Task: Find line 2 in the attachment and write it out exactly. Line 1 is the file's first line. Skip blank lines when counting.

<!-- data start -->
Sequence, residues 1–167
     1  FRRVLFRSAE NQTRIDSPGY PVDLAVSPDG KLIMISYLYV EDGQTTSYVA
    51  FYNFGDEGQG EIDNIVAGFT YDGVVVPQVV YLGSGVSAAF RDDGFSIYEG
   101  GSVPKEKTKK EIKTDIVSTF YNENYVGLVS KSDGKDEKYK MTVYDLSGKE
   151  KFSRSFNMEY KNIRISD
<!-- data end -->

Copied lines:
     1  FRRVLFRSAE NQTRIDSPGY PVDLAVSPDG KLIMISYLYV EDGQTTSYVA